Relais & Châteaux have celebrated UN-recognized World Oceans Day for the 3rd year in a row, this year bigger and better than ever before. In partnership with Ethic Ocean, Relais & Châteaux chefs around the world will offer exclusive sustainable seafood menus, paying tribute to the sea and heightening awareness of the important role they play, in a grand celebration called “Exquisite Fish.”
The oceans’ fragile balance is being gradually destroyed: 31% of the planet’s seafood stock is overfished and 58% is fully fished (Food and Agriculture Organization of United Nations, 2016). But by choosing sustainable species, promoting ethical fishing methods, contributing to local economic development and offering seasonal menus, Relais & Châteaux chefs aim to protect the oceans’ biodiversity and provide quality products for its guests and future generations. Chefs play a key role in that they set culinary trends and can influence both suppliers and consumers. Indeed, chefs and restaurateurs took an important role and contributed to save Bluefin tuna in the Mediterranean Sea.
It is clear that the impact of climate change also poses new constraints to the food chain. For Philippe Gombert, International President, “Relais & Châteaux properties serve as watchmen, protectors of that which is most precious to the region, pathfinders who open the door to the cuisine of the future with responsibility and commitment.”
Below is a snapshot of activity from the properties worldwide, demonstrating a shared commitment to protecting the biodiversity of the oceans, supporting sustainable fishing, contributing to local economic development and offering healthy dishes teeming with quality.
Ecuador, Zazu Restaurant
Sourcing sustainable seafood all along Ecuador’s coast as well as the Galápagos Islands, chef Wilson Alpala of Zazu is creating a seven-course tasting menu for World Oceans Day that showcases the region’s indigenous clams, oysters and prawns. For the main dish, guests will enjoy a damsel bass, head-to-tail style. A menu as a real introduction to Ecuadorian culinary culture.
France, Maisons de Bricourt
On June 8th, Maisons de Bricourt, guests will taste a five-course lunch menu of clams, cuttlefish, spider crab, oysters and lobster sourced off the coast of Cancale and Saint-Malo in the English Channel. Committed to sustainable seafood, Chef Hugo Roellinger works closely with local fishermen such as Tilly, Orveillon, Minihic, Arbona and ProdHomme to ensure he is preparing high quality products at the restaurant.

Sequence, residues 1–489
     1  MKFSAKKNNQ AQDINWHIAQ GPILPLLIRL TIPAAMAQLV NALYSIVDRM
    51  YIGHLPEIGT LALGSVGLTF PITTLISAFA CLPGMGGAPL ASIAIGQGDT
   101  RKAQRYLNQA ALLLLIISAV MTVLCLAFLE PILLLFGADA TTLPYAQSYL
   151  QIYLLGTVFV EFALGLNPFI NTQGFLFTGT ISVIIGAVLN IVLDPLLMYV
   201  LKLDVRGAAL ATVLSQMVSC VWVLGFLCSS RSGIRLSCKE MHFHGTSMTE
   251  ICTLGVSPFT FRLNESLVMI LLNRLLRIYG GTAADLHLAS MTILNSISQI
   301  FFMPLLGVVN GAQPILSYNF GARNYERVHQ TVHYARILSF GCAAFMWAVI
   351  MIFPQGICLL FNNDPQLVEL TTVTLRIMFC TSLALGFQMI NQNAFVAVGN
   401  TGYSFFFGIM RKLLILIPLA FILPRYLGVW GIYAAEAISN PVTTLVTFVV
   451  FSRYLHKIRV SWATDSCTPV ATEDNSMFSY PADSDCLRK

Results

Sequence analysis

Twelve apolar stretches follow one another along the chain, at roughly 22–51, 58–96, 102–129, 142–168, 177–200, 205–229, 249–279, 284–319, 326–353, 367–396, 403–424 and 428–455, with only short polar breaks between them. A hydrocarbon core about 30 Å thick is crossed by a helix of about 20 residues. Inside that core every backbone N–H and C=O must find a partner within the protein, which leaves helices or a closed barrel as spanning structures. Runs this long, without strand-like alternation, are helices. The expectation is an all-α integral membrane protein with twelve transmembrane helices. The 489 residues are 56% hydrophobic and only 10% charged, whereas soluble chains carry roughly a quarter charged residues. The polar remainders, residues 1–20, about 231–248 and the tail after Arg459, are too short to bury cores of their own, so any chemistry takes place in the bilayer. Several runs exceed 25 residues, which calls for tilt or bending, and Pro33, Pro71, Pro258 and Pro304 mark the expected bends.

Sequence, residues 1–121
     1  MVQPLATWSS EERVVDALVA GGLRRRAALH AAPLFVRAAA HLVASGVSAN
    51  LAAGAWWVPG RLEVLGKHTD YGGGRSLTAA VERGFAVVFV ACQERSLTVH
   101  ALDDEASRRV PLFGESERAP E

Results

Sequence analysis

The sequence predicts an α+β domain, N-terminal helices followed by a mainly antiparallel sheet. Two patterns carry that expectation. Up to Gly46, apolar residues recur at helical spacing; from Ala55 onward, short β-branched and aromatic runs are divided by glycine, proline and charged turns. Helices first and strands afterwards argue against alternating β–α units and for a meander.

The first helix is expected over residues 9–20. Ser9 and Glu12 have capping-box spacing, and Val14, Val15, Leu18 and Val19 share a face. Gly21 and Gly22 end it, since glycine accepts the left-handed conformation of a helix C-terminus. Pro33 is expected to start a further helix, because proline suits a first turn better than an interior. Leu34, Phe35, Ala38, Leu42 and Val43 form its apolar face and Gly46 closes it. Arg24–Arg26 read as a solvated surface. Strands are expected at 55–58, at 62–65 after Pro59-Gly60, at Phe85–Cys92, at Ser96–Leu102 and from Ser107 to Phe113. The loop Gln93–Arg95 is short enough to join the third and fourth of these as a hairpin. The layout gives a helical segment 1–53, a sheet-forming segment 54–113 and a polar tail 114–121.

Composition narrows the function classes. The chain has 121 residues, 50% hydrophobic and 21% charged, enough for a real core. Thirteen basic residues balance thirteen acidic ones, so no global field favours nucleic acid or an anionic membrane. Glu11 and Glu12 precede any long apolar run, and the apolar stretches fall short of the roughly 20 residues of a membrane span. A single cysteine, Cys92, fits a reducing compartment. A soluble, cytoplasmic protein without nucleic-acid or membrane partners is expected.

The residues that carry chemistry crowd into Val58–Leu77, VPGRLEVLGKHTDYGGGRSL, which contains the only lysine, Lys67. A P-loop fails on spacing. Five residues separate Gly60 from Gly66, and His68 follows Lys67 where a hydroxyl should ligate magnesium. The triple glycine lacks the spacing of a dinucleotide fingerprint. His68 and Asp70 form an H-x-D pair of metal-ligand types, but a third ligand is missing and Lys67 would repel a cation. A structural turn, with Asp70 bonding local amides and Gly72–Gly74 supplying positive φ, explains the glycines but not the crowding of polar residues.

Serving one of Poland’s most traditional dishes on World Oceans Day, Chef Marcin Popielarz at Quadrille’s restaurant Biały Królik will offer Baltic herring served in the classic fisherman style with sour cream and apple, but reimagined for modern tastes.
South Africa, Camp Jabulani
Committed to sustainable fishing and preparing beautiful dishes, Camp Jabulani follows the SASSI Chart (Southern African Sustainable Seafood Initiative). A blog has been launched offering tips on how to use it. Chef Dylan Frost’s commitment on seafood quality has inspired a zero-waste menu composed by yellowtail fillet for the main course with a yellowtail soup as a starter.
Sri Lanka, Wild Coast
Tented Lodge Chef Nandana Jayasekara will serve seafood from the southern coast of Sri Lanka. Lobster will be picked by hand from the Kirinda Sea, ensuring that the fish had ample time to reproduce before harvest.
United Kingdom, Longueville Manor
Over the past 25 years Executive Head Chef Andrew Baird has built up strong relationships with local Jersey fishermen. One of those fishermen, Bob Titterington, hand dives scallops used in Longueville’s kitchen each year. Chef Andrew, a qualified PADI diver himself, fully respects the oceans. And depending on the “catch of the day”, the seafood platter is usually served with Longueville’s own hand dug “Jersey Royals.”
United States of America, Saison
Over the past ten years, the Saison team led by Chef Joshua Skenes, has been obsessed with sourcing the very best products in existence. They have established a close relationship with their fishermen, who have a clear understanding of the standards and specific level of quality and tastes they seek. With changing oceans, finding environmentally sound sources of sea life has become part of their product ethos. Red Abalone once plentiful along the California coast, is now endangered. Through responsible eco-aquaculture carried out by the Monterey Abalone Company, Saison’s guests, along with their aspiring chefs, can experience how special Red Abalone is, while taking into mind the health of the coasts and wild native abalone.
For more information click here